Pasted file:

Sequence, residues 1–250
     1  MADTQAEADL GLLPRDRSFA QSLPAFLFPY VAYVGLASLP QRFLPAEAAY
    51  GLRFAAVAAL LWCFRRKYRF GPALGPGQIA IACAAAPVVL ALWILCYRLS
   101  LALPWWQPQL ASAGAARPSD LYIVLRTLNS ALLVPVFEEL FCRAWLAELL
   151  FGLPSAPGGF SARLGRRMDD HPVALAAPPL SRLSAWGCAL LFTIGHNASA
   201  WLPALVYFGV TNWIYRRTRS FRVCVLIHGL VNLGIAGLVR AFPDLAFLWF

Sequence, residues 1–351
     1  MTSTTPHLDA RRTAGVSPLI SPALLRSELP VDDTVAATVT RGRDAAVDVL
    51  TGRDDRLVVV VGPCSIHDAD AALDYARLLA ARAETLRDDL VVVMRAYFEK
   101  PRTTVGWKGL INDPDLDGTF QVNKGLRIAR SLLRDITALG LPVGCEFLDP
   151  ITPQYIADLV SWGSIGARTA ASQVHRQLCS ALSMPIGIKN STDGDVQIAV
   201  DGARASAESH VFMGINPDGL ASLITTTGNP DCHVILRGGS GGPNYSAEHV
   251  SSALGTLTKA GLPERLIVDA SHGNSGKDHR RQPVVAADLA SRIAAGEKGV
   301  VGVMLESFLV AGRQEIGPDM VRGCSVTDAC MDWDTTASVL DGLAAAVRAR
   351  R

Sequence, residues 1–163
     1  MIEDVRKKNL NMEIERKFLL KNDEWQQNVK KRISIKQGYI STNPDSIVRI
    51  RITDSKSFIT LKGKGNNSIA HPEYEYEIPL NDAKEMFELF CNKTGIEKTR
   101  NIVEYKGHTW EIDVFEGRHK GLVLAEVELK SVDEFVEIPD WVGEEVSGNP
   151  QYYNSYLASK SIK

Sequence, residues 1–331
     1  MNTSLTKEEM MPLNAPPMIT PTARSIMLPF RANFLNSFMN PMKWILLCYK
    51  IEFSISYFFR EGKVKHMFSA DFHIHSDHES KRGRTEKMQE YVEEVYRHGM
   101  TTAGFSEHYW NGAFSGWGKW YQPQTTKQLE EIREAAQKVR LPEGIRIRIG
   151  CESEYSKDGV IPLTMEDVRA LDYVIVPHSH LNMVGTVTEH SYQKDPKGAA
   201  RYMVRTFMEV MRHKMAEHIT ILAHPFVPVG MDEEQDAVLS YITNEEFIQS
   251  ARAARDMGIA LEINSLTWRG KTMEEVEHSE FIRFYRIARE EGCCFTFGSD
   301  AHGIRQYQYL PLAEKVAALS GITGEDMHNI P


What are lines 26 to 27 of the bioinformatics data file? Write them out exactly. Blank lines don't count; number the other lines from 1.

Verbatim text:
   201  RYMVRTFMEV MRHKMAEHIT ILAHPFVPVG MDEEQDAVLS YITNEEFIQS
   251  ARAARDMGIA LEINSLTWRG KTMEEVEHSE FIRFYRIARE EGCCFTFGSD